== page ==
41. 41. Incorporating Health Needs into Treatment and Recovery Plans •Education and support for improved self-care •Self-advocacy skills and strategies to help person obtain treatment •Education about reinfection and transmitting the virus 41
  42. 42. Developing Prevention Plan • Identify high risk incidents • Identify a situation when the client minimizes his/her risk • Develop incremental and achievable steps to minimize risks for transmitting viral hepatitis • Revisit the plan often • Include vaccination and prevention for other infections 42
  43. 43. Using Motivational Techniques • Help person understand the relationship between good health and achieving their recovery goals • Identify the strengths of the person-including the supports that he/she is currently using 43
  44. 44. Addressing Social Factors • Social consequences of hepatitis C diagnosis may be challenging • Negative attitudes about people who have chronic hepatitis remain, even among some medical professionals • Internalized stigma and shame generated by these negative attitudes • Important to discuss and teach about disclosing hepatitis 44
  45. 45. Addressing Relapse • Diagnosis of viral hepatitis may increase a client’s potential for relapse to alcohol and drug use • Treatment for HCV may increase potential for relapse • Re-infection with HCV often happens during relapse 45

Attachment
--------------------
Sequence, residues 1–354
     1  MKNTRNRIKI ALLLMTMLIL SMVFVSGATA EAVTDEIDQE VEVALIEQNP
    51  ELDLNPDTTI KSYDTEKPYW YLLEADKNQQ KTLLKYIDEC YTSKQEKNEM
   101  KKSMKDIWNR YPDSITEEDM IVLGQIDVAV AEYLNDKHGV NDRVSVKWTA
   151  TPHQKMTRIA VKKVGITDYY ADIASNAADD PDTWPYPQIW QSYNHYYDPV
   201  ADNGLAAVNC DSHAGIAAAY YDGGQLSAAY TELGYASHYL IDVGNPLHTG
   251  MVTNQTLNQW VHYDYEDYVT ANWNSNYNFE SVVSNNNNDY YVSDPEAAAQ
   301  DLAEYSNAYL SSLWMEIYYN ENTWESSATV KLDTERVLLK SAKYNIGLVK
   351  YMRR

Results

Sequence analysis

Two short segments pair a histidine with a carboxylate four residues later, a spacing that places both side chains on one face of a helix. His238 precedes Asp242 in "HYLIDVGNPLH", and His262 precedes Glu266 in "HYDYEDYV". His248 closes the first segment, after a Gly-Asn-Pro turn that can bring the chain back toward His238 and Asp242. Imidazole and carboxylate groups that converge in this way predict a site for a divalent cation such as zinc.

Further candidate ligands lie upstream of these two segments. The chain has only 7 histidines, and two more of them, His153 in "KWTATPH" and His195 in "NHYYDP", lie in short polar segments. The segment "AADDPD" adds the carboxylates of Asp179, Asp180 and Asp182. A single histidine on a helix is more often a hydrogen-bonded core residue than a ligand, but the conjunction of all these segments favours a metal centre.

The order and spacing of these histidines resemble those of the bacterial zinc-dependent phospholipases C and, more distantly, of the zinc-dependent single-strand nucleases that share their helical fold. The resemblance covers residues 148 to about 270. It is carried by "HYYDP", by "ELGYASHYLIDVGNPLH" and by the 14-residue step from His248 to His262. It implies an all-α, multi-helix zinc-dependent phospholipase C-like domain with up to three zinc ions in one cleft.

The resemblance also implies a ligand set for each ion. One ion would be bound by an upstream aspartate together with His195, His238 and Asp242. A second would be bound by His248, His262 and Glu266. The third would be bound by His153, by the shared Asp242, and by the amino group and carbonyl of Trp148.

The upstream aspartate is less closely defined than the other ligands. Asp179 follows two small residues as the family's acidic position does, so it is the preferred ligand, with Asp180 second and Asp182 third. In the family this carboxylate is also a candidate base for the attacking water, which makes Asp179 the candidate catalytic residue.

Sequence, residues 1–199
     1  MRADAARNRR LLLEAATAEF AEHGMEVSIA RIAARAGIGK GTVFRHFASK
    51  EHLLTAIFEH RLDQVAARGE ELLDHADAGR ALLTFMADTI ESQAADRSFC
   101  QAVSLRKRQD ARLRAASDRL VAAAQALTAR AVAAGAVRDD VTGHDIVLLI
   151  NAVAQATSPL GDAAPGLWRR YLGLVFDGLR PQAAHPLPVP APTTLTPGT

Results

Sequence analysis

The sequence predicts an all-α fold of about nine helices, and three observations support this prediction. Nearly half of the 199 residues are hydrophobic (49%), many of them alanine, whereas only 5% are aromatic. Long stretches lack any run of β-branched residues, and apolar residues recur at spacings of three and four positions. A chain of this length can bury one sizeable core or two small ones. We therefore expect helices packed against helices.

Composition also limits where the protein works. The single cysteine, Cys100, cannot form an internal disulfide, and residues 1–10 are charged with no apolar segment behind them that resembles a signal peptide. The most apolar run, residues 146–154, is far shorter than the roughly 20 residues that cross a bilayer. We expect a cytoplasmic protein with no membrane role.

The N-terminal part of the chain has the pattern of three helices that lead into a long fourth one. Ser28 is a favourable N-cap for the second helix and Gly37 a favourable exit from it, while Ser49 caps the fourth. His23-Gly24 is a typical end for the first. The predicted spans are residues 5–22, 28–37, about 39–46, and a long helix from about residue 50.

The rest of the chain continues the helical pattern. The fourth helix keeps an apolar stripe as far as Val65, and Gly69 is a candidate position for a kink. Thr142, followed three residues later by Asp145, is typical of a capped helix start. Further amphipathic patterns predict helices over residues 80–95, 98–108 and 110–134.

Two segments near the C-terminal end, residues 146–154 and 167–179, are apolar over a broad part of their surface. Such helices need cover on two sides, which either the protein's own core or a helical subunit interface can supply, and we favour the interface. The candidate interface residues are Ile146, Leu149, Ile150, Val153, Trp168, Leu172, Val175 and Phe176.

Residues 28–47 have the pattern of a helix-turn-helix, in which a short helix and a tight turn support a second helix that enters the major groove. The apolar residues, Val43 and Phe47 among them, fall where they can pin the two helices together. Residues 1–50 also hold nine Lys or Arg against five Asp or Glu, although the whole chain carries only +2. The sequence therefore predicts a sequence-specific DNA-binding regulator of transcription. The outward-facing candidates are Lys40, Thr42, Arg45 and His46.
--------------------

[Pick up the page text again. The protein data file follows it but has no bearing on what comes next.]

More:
46. 46. Building a Support System • Provide on-site support groups • Help clients locate community- based support groups • Peer support may be available • Facilitating family support through education and counseling • On-line resources for support 46
  47. 47. Performing Case Management/Advocacy • Help to understand and complete written documents and consent forms • Help to obtain medical care and ancillary supports • Help to find sources for financing medical treatment and medications for hepatitis 47
  48. 48. 48(only 12% adults in US have basic health proficiency)
  49. 49. Education-Patient • Currently most SUD treatment programs do not provide hepatitis education • Treatment as an opportunity for hepatitis education • Groups or 1-to-1 • Educational materials-print, multimedia, posters 49